1. ITV Report

Civil emergency arrangements in Wales 'unclear'

A report has found arrangements for civil emergencies, such as the recent flooding in St Asaph, are not always clear Photo: Dave Thompson / PA Wire

Arrangements for serious emergencies in Wales are sometimes unclear, with some services also facing an uncertain future - according to the Auditor General for Wales.

A report examined the sufficiency of arrangements for emergency planning and response in Wales, and how the Welsh Government supports the emergency services involved.

It found the Welsh Government provides 'highly effective' support for the emergency services that respond to civil incidents, such as flooding or explosions, but it's co-ordinating role should be clearer.

Powers for civil emergencies are not devolved, with some unsure whether to look to the Welsh or UK Government for guidance in a civil emergency.

It also found that a question mark hangs over the future of arrangements in place to protect the public due to spending cuts.

Local authorities spent £4 million on emergency planning in 2010-11, but the report found spending is not always prioritised to the areas at highest risk from emergency. Local authorities may direct their spending to other priorities.

Future spending cuts are also likely to have a big impact on emergency services, with the police and fire and rescue services alone planning to reduce overall spending by just over £100 million in the four years to 2014-15.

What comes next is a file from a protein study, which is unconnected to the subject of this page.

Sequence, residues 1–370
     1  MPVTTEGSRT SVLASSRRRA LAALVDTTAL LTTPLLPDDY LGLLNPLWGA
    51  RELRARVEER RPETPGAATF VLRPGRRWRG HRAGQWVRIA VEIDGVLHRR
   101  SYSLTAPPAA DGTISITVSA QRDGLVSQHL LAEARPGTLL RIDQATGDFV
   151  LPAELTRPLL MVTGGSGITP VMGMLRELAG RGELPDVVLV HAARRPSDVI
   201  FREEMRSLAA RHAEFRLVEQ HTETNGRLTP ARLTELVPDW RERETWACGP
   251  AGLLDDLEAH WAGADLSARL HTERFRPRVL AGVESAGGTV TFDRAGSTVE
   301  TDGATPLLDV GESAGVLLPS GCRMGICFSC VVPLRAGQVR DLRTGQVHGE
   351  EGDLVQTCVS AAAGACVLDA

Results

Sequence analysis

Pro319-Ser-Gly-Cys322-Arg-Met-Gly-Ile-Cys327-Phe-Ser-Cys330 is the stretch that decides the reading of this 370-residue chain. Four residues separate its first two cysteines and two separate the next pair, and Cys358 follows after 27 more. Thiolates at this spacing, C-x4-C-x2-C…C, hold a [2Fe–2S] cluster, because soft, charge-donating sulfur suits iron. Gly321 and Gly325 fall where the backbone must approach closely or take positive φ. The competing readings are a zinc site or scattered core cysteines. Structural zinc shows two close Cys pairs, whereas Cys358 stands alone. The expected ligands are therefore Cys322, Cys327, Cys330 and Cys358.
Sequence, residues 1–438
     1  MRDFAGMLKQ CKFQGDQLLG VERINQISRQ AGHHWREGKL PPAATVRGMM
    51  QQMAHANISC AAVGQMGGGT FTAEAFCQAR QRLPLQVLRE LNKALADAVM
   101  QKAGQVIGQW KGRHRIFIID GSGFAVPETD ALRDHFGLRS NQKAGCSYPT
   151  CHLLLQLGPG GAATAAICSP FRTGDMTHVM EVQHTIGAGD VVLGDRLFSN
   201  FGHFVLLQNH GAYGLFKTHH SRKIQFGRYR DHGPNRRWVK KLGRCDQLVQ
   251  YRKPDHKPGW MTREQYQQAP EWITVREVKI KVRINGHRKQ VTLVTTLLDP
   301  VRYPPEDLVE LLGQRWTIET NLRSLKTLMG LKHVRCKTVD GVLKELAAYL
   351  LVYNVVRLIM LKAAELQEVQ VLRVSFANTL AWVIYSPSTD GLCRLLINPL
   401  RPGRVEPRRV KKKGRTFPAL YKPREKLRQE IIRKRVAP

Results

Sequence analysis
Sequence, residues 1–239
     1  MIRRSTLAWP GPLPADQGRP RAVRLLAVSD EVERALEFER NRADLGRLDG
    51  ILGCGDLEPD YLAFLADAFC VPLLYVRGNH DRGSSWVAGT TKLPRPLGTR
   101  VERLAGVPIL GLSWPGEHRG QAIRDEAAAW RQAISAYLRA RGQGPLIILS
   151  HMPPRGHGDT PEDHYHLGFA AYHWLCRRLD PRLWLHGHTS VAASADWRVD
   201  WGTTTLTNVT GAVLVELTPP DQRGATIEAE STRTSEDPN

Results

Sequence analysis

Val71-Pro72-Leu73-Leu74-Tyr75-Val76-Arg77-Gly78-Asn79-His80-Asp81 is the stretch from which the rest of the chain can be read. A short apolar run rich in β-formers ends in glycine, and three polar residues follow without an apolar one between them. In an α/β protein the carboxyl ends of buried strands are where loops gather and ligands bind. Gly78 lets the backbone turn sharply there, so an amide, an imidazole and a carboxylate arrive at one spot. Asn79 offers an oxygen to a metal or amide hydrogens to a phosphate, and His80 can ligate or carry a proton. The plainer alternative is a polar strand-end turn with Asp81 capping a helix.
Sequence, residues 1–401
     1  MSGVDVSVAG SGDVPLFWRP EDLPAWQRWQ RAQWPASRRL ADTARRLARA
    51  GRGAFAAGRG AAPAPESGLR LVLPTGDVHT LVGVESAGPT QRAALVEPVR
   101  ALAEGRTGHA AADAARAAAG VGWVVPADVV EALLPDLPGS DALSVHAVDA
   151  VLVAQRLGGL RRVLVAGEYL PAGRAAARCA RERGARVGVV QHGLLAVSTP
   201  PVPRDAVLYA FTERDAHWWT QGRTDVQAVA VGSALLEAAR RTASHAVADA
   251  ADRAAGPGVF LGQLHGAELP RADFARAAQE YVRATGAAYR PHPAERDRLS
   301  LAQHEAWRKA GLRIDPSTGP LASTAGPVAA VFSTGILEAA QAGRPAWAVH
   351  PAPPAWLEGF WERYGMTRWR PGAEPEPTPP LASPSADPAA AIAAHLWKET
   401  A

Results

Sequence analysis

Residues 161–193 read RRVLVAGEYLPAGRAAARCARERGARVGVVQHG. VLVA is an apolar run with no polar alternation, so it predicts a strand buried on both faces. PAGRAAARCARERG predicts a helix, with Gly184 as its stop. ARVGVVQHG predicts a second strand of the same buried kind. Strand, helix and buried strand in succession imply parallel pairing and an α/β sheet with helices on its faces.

The report follows a series of floods in Wales - notably in St Asaph, when the River Elwy burst its banks.

Emergency services were praised by the Auditor General for how they handled the incident.

Civil emergency responders in Wales should be commended for their effective management of major incidents, and the recent floods across Wales underline the importance of the report's findings. However, there needs to be more clarity of roles between the UK and Welsh Governments for overseeing civil emergency arrangements. Category One responders also need to have a more proactive approach to performance, efficiency and using resources so the public is reassured they will continue to be protected given the scale of the challenges to public services which lie ahead.

– Huw Vaughan Thomas, Auditor General for Wales

The Welsh Government says it will consider the report.

I welcome the publication of the Wales Audit Office's report on civil emergencies in Wales. The report rightly gives recognition to civil emergency responders for managing recent major incidents effectively, but makes it clear that responders will need to improve their performance and ensure they use resources more efficiently in the future to maintain public confidence in the vital services they provide.

The flooding of homes and businesses across Wales during the past weeks underlines the importance of the findings of this report. The spending cuts which lie ahead will add to the challenges facing civil emergency responders. The Welsh Government and Welsh Local Government Association are now reviewing the way that emergency planning is delivered.

This review provides an opportunity for all the public agencies which respond to civil emergencies to improve the efficiency, consistency and robustness of the necessary arrangements that must be in place.

– Darren Millar AM, Chair of the Public Accounts Committee